Yesterday evening, I went to see the latest Harry Potter movie with lidocafe and a friend of hers. It was extremely well done, and I thought the art direction and photography was stunning. This was the first of the movies that I've seen in the theatre, believe it or not, and it was certainly worth it (not just because the theatre was air-conditioned). It was engrossing and entertaining; I consistently believe that the movies are better than the books, because they can encapsulate the essence of the plot and still portray something of what complexities of theme there are. Often, too, the skill of the actors makes up for Rowling's deficiencies in character. I think Snape, for example, is now inseparable from Alan Rickman's portrayal of him. It's interesting to consider that the early movies were out before the last books were finished, and to wonder how much of what people "see" in the books is in fact put there by the actors who portrayed the characters and by the set design and so on, and not from what Rowling herself tells us. She is very much the tell rather than show; we know that Harry is brave and noble because she tells us so, not so much from anything that arises from him as a character.
This enrichment of the imaginative affect of the material breaks down in Harry, because of Daniel Radcliffe's complete lack of energy or any kind of charisma as an actor. He has two expressions - wide-eyed and stoic, and wide-eyed and stricken. Occasionally, in his stoic mode, a lip twitches to tell us that he's reacting to something. I thought even Rupert Grint, who mugged his way through the earlier movies, was more natural. There is nothing happening behind Radcliffe's eyes - unlike Alan Rickman, who exhibits an equally stony exterior but who manages to express all that he is unable or unwilling to say through his eyes. Radcliffe's inadequacy as an actor must have been true in the earlier movies, but somehow seems to matter more in this one, perhaps because the young characters are supposed to be demonstrating more depth and maturity, and Radcliffe seems incapable of doing so.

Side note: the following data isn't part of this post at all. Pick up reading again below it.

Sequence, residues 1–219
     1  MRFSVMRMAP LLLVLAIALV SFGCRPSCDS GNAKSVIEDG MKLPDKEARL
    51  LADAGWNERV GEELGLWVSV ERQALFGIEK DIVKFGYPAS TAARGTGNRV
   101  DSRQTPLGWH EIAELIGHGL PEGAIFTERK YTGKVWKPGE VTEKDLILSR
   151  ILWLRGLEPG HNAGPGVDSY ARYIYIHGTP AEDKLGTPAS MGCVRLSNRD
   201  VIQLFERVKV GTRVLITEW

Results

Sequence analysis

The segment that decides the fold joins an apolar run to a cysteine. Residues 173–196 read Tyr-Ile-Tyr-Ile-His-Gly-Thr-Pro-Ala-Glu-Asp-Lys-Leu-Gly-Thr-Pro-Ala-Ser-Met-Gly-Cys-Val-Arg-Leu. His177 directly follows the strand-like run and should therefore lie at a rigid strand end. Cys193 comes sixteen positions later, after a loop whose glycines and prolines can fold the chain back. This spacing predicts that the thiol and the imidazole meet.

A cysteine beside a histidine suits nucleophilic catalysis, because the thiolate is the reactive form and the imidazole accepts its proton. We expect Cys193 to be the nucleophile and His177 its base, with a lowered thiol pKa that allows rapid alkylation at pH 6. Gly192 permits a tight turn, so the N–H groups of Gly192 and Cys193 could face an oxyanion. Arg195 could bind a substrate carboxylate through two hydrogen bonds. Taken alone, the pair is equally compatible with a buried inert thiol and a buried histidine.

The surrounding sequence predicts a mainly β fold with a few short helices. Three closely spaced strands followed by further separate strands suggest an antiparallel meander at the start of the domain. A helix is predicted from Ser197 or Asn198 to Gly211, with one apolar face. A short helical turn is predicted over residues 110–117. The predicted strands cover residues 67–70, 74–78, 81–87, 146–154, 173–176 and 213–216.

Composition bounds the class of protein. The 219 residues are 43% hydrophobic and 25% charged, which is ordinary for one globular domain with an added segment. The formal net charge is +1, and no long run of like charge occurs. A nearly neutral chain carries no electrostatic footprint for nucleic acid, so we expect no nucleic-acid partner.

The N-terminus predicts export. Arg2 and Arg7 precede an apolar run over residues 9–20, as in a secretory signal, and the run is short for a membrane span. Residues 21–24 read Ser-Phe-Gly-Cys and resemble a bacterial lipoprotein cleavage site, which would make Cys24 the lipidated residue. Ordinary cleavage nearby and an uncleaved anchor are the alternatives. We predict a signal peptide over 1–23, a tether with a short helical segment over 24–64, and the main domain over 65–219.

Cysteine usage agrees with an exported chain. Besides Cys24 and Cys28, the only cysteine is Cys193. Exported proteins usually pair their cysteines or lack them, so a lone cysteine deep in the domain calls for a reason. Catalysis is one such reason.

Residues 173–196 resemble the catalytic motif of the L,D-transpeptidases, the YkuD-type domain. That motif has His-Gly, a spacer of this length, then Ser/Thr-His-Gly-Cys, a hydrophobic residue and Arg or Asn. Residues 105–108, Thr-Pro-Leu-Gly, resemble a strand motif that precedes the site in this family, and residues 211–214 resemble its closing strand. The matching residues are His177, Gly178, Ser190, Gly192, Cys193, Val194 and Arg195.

One more remark about the adaptation of book to screen: being able to see Snape and Dumbledore in that crucial scene at the end lent somewhat less ambiguity than exists in the book. That's what I thought, anyway - and of course my opinion is coloured by having read the whole series and knowing what we learn in the end. I also thought that Snape yelling "I'm the Half-Blood Prince" at the end was far from adequate for anyone who had NOT read the books to understand what that was about.
Still - I did not find that the movie lagged at all for all the nearly three hours of it, and it was certainly an enjoyable summer confection.
Speaking of adaptations of book to screen - I was dreading Where The Wild Things Are but am feeling considerably more optimistic after viewing this featurette about it. Now I'm intrigued and looking forward to it.
Which is more than can be said for Alice in Wonderland, which I think looks dreadful.